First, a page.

Some 65 percent of decision makers at Fortune 500 consumer product companies view packaging sustainability as a high priority, according to research commissioned by the Steel Market Development Institute, a business unit of the American Iron and Steel Institute.
The challenge for consumer products firms, according to the research, is the lack of meaningful information available to evaluate and compare the sustainability performance of competitive packaging materials. Packaging executives define sustainability as the way individual materials contribute to the environmental and social story of products and brands. Key contributors to determining sustainability include recycling and the energy required to transport, store, use and dispose of the packaging. Secondary considerations include the greater societal, environmental and community impacts related to the materials themselves, the study says.
The SMDI is set to launch a national education campaign aimed at highlighting what it calls “the depth of steel’s leadership” in meeting the sustainability needs of the packaging industry. Steel is currently the preferred packaging material for more than 1,500 variations of food, pet food, paint, household products, health and beauty products, it says.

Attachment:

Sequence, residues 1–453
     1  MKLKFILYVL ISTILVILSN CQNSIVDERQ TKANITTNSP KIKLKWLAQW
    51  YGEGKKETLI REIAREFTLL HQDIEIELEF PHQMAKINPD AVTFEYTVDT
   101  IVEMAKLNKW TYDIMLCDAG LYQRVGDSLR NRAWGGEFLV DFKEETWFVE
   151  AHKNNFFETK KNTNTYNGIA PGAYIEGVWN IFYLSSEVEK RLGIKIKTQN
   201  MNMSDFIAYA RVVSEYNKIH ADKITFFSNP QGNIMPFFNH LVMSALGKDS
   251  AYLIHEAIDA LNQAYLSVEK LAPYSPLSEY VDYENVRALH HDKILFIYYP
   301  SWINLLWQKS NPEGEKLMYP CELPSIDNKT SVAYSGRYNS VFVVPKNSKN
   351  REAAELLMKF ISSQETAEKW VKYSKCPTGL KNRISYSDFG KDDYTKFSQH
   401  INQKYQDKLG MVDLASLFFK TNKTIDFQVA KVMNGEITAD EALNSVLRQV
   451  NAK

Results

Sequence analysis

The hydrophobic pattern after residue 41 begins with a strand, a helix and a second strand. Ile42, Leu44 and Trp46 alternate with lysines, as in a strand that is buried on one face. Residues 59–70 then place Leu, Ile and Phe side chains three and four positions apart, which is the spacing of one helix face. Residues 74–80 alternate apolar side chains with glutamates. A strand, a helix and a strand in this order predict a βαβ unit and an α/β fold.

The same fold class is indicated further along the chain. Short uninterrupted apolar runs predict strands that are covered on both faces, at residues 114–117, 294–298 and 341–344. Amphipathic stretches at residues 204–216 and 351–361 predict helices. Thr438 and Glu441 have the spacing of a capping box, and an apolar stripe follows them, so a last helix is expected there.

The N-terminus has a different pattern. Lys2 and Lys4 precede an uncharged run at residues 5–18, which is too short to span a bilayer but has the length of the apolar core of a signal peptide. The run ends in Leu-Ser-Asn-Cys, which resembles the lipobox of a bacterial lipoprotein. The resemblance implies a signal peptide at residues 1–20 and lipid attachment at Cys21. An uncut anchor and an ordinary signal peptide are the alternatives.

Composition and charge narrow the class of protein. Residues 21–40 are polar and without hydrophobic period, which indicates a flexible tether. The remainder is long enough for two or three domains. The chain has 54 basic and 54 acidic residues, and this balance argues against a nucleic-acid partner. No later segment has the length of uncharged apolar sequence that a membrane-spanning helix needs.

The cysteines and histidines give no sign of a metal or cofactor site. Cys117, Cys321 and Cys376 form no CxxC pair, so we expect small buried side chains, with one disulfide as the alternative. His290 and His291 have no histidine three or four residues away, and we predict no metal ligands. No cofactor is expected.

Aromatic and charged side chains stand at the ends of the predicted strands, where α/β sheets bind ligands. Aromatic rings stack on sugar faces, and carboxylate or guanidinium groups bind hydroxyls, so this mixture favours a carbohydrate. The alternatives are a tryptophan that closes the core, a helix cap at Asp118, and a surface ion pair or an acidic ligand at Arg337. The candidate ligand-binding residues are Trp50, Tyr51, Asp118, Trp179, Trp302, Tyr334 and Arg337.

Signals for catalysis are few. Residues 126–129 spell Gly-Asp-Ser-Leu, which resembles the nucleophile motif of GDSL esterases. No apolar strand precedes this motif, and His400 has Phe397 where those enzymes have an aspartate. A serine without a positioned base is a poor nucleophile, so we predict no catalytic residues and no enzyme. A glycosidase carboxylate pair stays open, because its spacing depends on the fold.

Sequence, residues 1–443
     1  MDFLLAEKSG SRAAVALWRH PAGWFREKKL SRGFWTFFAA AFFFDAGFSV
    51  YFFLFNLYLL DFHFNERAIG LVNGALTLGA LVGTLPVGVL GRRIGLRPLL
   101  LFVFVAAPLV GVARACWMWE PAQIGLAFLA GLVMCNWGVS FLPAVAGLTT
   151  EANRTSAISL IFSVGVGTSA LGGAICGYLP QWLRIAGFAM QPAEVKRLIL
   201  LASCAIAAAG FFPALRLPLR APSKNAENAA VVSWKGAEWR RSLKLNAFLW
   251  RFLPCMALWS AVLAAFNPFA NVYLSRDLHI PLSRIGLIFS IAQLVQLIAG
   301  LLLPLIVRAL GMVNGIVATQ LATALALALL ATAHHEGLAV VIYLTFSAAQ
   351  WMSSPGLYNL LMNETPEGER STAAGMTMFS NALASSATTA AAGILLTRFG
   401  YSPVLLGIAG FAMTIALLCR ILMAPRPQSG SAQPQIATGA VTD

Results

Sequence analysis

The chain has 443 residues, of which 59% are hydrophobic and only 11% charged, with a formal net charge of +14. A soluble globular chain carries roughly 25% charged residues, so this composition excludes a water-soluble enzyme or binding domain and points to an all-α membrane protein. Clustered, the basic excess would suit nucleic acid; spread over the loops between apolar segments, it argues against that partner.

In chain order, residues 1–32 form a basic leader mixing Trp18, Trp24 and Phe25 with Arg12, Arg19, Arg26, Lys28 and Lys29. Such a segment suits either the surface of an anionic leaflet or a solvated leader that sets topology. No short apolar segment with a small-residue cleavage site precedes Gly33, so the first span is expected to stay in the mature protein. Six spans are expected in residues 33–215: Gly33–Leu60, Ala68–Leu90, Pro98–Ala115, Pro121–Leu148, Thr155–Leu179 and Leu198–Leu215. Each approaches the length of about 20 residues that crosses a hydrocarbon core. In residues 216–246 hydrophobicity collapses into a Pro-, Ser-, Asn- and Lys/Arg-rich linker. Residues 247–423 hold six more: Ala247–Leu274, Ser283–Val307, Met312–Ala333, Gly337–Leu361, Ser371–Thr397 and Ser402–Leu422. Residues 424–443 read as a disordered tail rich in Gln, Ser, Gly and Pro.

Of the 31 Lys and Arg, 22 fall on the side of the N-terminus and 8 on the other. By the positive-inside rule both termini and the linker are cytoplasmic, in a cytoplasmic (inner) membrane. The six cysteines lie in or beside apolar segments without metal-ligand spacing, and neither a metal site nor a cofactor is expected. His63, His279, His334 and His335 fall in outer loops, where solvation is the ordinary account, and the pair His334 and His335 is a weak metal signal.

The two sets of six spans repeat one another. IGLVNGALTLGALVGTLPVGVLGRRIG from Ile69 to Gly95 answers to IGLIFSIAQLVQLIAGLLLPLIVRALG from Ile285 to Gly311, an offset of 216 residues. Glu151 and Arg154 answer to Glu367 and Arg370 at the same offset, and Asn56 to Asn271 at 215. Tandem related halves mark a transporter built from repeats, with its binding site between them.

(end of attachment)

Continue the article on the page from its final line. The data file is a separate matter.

According to the SMDI, steel saves energy, ensures safe nutritious food, minimizes food waste and increases economic efficiencies. The group also says:
- Across all markets, steel is the worlds most recycled material, more than all other materials combined.
- Steel cans are the most recycled food package with a 71 percent recycling rate.
- Steel food cans are more than 30 percent lighter than 25 years ago.
The steel packaging campaign will continue through 2013 with online education sessions for professionals, industry-wide surveys about steel packaging and viral videos that share the positive economic, environmental and social benefits resulting from the use of steel in consumer packaging. The group has launched a website and will give presentations at future packaging industry events.
In 2011, the SMDI released results of a three-year program to develop steel-intensive designs for electrified vehicles that reduce greenhouse gas emissions over their entire life cycle. The results of the FutureSteelVehicle program includes steel body structure designs that reduce mass by more than 35 percent over a benchmark vehicle, and reduce total life cycle emissions by nearly 70 percent.